SERGEI RACHMANINOFF -- that brooding, patrician musical poet of pre-revolutionary Russia -- can hardly be described as a creature of the Jazz Age. But he was one of the true lions os the musical world during that era. And once, just once, that wave of jazz influence that swept up musicians from Stravinsky to Gershwin touched this heir to the mantle of Tchakovsky.

It is his urbane, jazzy Fourth -- and last -- Piano Concerto, the first of the works he wrote after coming to the United States, and it is the single most neglected work of his mature years.

Research has uncovered no evidence that the Fourth, which came two years after Gershwin's own infectious Concerto, has ever been played in Washington. That is a circumstance that pianist Eugene Istomin and conductor Mstislav Rostropovich are setting out to rectify in tonight's National Symphony concert, and in the repeats later in the week.

The performance is not exactly a premiere, but it will be the concerto's introduction for most listeners.

Until now, the Fourth has seemed almost to carry a curse, starting with its first performance. That happened at Philadelphia's Academy of Music on March 18, 1927.

The composer was the soloist with the Philadelphia Orchestra, that then-incomparable ensemble for which he wrote all his later orchestral works. At 54, Rachmaninoff was accepted as one of the great pianists of history. He was also a fine conductor who had recently turned down the conductorship of the Boston Symphony, causing it to turn to the lesser-known Koussevitzky. And he was one of the most famous of composers. His earlier concertos--especially the mournful Second and the incredibly taxing Third (dubbed by one wag "the Macho concerto")--were ubiquitous, just as they are today.

But even the mightiest figures can take a fall. And that's what audiences and critics caused to happen to Rachmaninoff's Fourth Concerto, relegating it to derision and neglect.

Long among the dissenters from this judgment is Istomin, who has admired the Fourth ever since his youth, when he twice heard Rachmaninoff play it with the Philadelphia Orchestra, the orchestra with which Istomin's own career has been most closely linked. Still, until now Istomin has had trouble convincing conductors of the work's quality.

Thus tonight will mark the first time the pianist has been able to play the work in concert. Likewise, Rostropovich has never performed it before. A check with its publishers showed that the Fourth is programmed no more than about once a year in this country. Istomin seems to be the only American pianist of world stature who has programmed it. As he observed recently, "This will be my contribution for the cause."

It is indeed a worthy cause. The Rachmaninoff Fourth is a distinctive composition, drier and less discursive than most Rachmaninoff. The jazz references that riddle it are American, and the sound--much less expansive and voluptuous than most Rachmaninoff--sometimes is reminiscent of Ravel, whose own jazz-filled Concerto in G would come three years later.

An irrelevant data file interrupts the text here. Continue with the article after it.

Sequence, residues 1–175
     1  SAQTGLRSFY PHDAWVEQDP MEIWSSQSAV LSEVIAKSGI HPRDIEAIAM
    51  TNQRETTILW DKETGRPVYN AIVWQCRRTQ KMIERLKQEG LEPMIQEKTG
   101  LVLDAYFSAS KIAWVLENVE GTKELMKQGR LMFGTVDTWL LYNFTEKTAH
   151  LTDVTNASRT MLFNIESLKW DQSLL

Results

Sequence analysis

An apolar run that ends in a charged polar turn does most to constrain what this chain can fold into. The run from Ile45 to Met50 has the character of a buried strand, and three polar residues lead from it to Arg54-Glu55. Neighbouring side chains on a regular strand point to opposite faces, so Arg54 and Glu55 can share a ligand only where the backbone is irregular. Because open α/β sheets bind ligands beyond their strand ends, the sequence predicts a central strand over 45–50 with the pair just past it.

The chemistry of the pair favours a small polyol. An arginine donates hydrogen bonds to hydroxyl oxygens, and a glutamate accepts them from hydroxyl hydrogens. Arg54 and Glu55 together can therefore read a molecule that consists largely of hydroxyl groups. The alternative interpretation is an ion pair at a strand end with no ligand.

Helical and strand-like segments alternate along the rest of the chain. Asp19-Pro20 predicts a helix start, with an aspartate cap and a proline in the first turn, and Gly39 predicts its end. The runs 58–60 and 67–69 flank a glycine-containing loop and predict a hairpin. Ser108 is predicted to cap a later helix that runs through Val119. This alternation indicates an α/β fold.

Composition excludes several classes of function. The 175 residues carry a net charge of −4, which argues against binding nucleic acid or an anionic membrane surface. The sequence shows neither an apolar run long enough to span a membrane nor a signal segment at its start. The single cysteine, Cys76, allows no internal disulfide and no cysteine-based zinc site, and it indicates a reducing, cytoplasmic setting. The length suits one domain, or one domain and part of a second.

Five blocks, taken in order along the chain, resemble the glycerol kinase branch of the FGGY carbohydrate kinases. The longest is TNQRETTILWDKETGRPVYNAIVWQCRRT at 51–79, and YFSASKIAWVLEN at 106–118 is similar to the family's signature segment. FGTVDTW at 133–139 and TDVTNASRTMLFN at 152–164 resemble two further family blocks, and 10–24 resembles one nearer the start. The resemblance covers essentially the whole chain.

All three movements of the Rachmaninoff concerto are full of jazz parallels. But its heart, both stylistically and emotionally, is the central slow movement, a beguiling blues, spun out in a Russian accent. It is a memorable marriage of Rachmaninoff's natural lyric gift with the new American musical language. Its five introductory bars for the piano actually sound like a jazz pianist noodling around on the keys in search of the right harmony and the tune.

Then comes a simple, melancholy blues ballad of melting beauty. It consists of the repeated lyric incantation of a descending four-note line, subjected to marvelous jazz-derived harmonic and stylistic embellishments. The orchestra picks it up and the movement proceeds. It is very much of the same character as Gershwin's blues piano prelude, which was written a year earlier--an equally hypnotic work.

Why then has this concerto been ignored? One reason is that the early critics simply did not understand it. They were expecting another outpouring of Russian angst, and when they got this concise, elliptical piece they misinterpreted it as an arid exercise, lacking in inspiration. And partly as a result of this, a frustrated Rachmaninoff kept rewriting and compressing it during the remaining 17 years of his life, making it difficult for other pianists to take it as part of their repertoires (Istomin has actually restored a few passages from earlier versions).

Furthermore, Rachmaninoff complicated things by producing in 1934 one of the impeccably perfect works that anybody has written for piano and orchestra, the Rhapsody on a Theme of Paganini. It became, and remains, the late Rachmaninoff work to perform.

The Fourth Concerto is not a creation of that quality, but neither are the other concertos, lovely as they are.

It is as good, though, as many frequently heard works. And its character is unique. Istomin is doing not only Rachmaninoff, but also today's listeners, a true favor by reviving it.